When it comes to streaming media content for subscribers, Netflix is likely the first name to come to mind for many. They certainly have come far from their early days of DVD-by-mail service, what with having original programs of their own. Meanwhile Microsoft, who enjoys a comfortable position as one of the current videogame console “trinity” through its Xbox products, is taking a page of sorts from Netflix. They’re establishing a similar subscription service to enable their player customers to download game titles from a rotating list off their Xbox online networks.

Same service model

This Tuesday February 28, Microsoft made an announcement revealing the first hints of their planned “videogame Netflix”, the Xbox Game Pass program. This monthly subscription service (at a $9.99 fee) works on a model familiar to regular patrons of Netflix, only in this case it’s tied to the online network for owners of the Xbox One or the (sometimes buggy) Xbox One S version. Here the gamers can subscribe to download and play any Xbox One and backwards-compatible Xbox 360 titles for a collection that gets regularly changed in lineup every month.

Unlike the online service on Microsoft's rival Sony PlayStation Now platform, which lets users play digital copies of games through cloud streaming onto their devices, the Xbox Game Pass actually lets gamers store any game from the collection into their Xbox One consoles’ memories.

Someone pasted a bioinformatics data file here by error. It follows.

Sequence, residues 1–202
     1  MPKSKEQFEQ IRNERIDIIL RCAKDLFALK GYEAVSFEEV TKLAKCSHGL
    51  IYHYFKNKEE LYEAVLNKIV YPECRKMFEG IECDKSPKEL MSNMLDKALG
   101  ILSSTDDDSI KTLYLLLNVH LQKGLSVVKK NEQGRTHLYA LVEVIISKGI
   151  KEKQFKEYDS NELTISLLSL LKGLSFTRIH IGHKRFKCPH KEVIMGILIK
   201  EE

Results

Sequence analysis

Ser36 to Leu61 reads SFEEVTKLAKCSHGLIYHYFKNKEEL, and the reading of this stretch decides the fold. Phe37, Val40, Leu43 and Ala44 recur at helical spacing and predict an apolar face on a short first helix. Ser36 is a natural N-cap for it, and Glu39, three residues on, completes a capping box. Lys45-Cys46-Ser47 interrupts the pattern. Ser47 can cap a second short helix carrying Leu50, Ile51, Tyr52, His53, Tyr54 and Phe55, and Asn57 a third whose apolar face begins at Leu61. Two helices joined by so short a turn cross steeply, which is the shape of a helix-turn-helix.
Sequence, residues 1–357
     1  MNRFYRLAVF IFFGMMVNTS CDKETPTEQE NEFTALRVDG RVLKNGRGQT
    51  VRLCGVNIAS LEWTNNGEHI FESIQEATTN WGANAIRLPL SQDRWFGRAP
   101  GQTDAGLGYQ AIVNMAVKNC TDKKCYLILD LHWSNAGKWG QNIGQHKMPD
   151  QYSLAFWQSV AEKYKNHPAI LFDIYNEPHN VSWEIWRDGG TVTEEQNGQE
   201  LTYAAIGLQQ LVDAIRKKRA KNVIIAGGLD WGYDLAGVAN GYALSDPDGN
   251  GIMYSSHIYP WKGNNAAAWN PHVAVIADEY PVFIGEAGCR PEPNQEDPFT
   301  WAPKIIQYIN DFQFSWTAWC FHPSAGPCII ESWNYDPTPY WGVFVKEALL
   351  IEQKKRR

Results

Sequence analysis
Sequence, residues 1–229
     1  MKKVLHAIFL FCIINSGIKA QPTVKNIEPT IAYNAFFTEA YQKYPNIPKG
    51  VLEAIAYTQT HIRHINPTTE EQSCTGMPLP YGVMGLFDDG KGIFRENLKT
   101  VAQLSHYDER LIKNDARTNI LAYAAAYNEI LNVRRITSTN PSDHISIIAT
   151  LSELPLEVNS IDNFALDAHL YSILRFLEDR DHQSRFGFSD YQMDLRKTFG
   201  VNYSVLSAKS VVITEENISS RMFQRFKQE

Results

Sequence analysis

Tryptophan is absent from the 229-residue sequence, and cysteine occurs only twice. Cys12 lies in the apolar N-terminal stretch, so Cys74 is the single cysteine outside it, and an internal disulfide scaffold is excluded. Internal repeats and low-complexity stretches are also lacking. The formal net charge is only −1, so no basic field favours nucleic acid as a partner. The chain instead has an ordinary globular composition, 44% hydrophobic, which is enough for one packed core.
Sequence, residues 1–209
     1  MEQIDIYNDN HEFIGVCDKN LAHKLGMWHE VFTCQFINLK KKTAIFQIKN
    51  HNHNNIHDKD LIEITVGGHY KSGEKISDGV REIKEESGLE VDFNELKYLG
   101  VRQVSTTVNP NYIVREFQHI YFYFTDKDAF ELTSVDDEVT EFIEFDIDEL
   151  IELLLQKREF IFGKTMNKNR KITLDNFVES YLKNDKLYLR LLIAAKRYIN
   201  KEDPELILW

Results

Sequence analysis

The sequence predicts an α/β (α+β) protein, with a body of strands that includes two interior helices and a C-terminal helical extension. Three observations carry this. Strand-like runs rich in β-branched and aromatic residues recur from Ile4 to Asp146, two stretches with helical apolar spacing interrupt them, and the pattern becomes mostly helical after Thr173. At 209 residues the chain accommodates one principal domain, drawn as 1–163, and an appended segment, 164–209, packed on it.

This enables them to play the games later, and offline to boot. As long as a game title is being offered in the Game Pass collection for the month, subscribers can download, delete and re-download their choices to play whenever they want. Finally the Game Pass member can ultimately buy the rights to any game they like in order to store them in their Xboxes for good, in this case getting a nice 20% discount from the game’s basic price and 10% off from related DLC or add-ons.

What of Xbox Live Gold?

Now, Xbox already has an existing Gold subscription service on their Xbox live network, where gamers can DL from a rotating collection, and so on. What the Gold differs from Game Pass is that although the selection may change, a Gold member can keep playing a title they downloaded as long as his Gold membership remains active (even if it’s no longer listed).

In the case of Game Pass, once a game title is rotated out, it could be gone for good unless a Game Pass subscriber buys it. Just like Netflix.

With regards to what game titles could be expected to show up on Xbox Game Pass, the Microsoft announcement names “Halo 5: Guardians”, “NBA2K16” and “Lego Batman” for starters. “Saints Row IV” and “Gears of War” have also been teased. More will probably be revealed in the coming days.